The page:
Whether it's your unholy despair when reading Fifty Shades of Grey or ecstatic joy when seeing a new Adam Sandler film, emotional responses are key to understanding any form of art. It's these reactions that uniquely define your experience and memories thereafter, with video games being no exception.
Some may mock the idea of a game evoking an emotional reaction in the same way as other art forms - and that was a fair argument back in the early days of gaming, as such complex feelings were not quite Pong's forte. But storytelling has evolved in gaming since then, and these days various titles wield the power to knock you emotionally sideways in a way that's entirely different to other creative mediums.
Unlike films, books or music, playing an active role a structured storyline can feel like you're the person moving the plot along.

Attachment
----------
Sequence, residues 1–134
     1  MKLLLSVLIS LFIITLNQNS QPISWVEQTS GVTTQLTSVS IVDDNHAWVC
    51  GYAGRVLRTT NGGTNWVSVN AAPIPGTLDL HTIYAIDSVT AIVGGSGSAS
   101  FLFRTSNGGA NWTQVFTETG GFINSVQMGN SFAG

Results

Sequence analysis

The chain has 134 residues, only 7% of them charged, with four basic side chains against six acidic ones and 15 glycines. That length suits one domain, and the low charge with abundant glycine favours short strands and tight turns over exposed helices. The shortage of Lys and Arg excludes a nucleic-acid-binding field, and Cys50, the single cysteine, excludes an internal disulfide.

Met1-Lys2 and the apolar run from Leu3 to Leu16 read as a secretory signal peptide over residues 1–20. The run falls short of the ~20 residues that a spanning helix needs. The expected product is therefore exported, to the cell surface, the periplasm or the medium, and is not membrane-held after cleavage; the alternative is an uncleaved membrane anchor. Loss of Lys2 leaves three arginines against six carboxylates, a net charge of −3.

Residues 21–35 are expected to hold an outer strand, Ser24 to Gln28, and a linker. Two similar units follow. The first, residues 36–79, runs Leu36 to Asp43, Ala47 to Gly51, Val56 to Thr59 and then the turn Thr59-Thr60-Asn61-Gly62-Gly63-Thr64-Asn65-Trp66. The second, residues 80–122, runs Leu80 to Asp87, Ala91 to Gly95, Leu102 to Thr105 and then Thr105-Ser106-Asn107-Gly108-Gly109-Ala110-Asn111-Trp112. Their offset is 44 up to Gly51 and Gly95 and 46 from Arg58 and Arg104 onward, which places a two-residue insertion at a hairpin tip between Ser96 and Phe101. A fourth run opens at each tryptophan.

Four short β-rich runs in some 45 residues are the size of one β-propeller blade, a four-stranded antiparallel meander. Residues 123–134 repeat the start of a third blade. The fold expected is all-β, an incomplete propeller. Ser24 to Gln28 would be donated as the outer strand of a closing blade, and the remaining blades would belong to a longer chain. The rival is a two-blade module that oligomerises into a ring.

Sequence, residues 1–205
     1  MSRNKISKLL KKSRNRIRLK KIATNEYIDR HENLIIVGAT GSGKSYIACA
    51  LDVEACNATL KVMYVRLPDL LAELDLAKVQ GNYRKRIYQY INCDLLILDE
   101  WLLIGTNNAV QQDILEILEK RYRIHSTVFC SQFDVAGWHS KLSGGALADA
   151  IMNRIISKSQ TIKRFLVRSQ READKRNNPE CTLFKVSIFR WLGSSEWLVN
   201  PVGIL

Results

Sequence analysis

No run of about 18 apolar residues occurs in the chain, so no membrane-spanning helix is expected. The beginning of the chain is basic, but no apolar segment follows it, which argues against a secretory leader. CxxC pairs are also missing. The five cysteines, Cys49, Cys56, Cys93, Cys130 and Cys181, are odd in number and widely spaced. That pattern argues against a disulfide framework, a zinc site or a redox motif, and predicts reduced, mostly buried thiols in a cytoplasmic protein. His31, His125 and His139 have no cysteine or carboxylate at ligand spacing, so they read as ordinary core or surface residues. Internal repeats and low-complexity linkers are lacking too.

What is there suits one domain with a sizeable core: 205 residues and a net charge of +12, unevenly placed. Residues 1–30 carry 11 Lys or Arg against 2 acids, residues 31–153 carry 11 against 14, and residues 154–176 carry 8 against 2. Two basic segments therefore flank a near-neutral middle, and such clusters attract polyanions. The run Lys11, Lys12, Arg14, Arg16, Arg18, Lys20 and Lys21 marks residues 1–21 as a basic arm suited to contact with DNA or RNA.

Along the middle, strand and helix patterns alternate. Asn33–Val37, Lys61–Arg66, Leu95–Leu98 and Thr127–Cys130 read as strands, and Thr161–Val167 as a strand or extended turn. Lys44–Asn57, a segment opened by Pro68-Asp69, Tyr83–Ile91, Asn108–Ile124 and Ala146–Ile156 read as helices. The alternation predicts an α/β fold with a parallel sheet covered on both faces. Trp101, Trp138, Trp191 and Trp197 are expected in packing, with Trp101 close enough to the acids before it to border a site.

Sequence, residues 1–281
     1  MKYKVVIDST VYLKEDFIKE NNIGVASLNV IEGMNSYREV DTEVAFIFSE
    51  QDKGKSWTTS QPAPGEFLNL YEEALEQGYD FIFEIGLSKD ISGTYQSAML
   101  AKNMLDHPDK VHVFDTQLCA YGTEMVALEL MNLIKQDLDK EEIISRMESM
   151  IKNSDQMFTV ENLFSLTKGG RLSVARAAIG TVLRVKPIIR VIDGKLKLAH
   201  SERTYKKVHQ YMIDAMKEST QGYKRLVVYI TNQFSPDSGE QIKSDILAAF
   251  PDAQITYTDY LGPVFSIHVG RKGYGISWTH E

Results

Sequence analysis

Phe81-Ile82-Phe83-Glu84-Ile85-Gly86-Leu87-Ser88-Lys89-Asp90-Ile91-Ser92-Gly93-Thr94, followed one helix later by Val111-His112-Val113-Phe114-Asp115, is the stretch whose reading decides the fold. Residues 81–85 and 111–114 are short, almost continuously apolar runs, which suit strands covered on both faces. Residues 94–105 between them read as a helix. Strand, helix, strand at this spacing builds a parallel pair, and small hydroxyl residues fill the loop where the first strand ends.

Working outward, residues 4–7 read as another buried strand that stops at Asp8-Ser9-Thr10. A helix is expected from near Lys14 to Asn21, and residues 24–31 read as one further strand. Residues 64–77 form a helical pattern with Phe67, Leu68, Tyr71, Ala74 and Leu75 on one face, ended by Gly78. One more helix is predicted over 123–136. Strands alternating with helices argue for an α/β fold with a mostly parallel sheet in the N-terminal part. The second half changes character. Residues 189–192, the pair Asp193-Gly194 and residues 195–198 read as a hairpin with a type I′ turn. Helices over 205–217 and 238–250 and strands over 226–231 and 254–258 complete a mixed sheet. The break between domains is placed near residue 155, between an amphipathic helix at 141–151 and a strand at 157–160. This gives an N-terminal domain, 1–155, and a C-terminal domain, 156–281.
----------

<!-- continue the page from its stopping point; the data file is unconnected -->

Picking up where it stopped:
This gives you a unique front row seat in any emotional drama that then gets played out, as every plot twist, revelatory rug-pull, backstab or final confrontation is yours to take in first-hand.
There aren't many video games that are prepared to tackle such tough topics as mental illness, but Firewatch isn't like many video games.
You play as fire lookout warden (Henry), and must unravel a physical mystery that's unfolding in the woods, as well as coming to terms with the emotional mystery playing out inside Henry's own head. You see, Henry is a man wracked by personal guilt and tragedy, as he struggles to deal with the diagnosis of his wife's early-onset dementia.
Firewatch's willingness to explore Henry's fragile emotional state is the game's triumph, as it turns the first-person perspective into an entry point for the player into his mind.
Smart writing and excellent voice acting from the two leads - all played out on walkie talkie, as Henry bonds with fellow fire warden, Delilah - makes Firewatch a powerful emotional experience.